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Macular zeaxanthins and lutein – a review of dietary sources and bioavailability and some relationships with macular pigment optical density and age-related macular disease

  • David I. Thurnham (a1)
Abstract

The retina is unique in the human body in containing three xanthophyll carotenoids; 3R,3′R-zeaxanthin, meso-zeaxanthin (MZ) and lutein. Humans consume 1 to 3 mg lutein per d and the lutein:zeaxanthin ratio in the diet is about 5:1.Xanthophyll pigments occur widely in vegetables and fruits but MZ is found in only a few foods such as the shrimp carapace and fish skin. In spite of the amounts of the different xanthophylls in the diet, zeaxanthin and MZ occur in approximately equal amounts in the eye, and their combined concentration can exceed that of lutein. In the present review the bioavailablity of zeaxanthin and lutein is assessed using the plasma xanthophyll response to dietary intervention. A number of studies have used single and mixed sources of the pure xanthophylls to achieve steady-state plasma responses. Mostly these have been with lutein and zeaxanthin but two using MZ are also described. Responses following the intervention with the pure xanthophylls are compared with those following food intervention. Vegetables are the richest source of dietary lutein and several vegetable-feeding studies are discussed. Intervention studies with eggs, which are a good source of zeaxanthin, suggest that the xanthophyll carotenoids in egg yolk may be more bioavailable than those in other foods and are described separately. MZ has been a component of a xanthophyll supplement added to chicken feed in Mexico in the last 10 years. Egg consumption in Mexico is approximately one egg/person per d and the potential contribution of this food source of MZ to Mexican dietary intakes is described. Very limited information from human feeding studies of MZ-containing supplements suggests that MZ is less well absorbed than zeaxanthin. However, MZ is unusual in the diet and not reported in the plasma. Thus plasma responses may not reflect true absorption if it takes MZ longer to equilibrate with body tissues than the other xanthophylls and competition with zeaxanthin may lower the relative concentrations of MZ in plasma. Lastly, the effects of long-term feeding with both pure and food sources of the xanthophyll pigments on macular pigment optical density is compared and the importance of previous dietary intake on the effects of intervention is discussed.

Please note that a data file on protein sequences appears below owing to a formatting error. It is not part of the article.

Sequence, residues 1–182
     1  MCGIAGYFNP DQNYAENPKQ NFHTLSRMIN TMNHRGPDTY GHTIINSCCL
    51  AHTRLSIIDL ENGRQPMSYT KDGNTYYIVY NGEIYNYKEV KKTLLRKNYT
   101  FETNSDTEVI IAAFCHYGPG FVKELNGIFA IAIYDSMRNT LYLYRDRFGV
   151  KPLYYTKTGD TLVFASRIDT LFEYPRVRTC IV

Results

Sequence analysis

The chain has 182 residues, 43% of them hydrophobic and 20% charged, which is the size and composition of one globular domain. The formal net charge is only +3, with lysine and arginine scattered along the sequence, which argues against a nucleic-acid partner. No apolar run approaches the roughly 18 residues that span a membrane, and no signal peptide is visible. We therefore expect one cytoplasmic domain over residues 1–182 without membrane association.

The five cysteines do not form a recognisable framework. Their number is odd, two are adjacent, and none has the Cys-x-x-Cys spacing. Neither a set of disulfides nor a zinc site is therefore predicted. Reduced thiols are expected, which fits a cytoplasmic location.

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      Macular zeaxanthins and lutein – a review of dietary sources and bioavailability and some relationships with macular pigment optical density and age-related macular disease
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Corresponding author
*Corresponding author: Professor D. I. Thurnham, fax +44 2870 324965, di.thurnham@ulster.ac.uk
References
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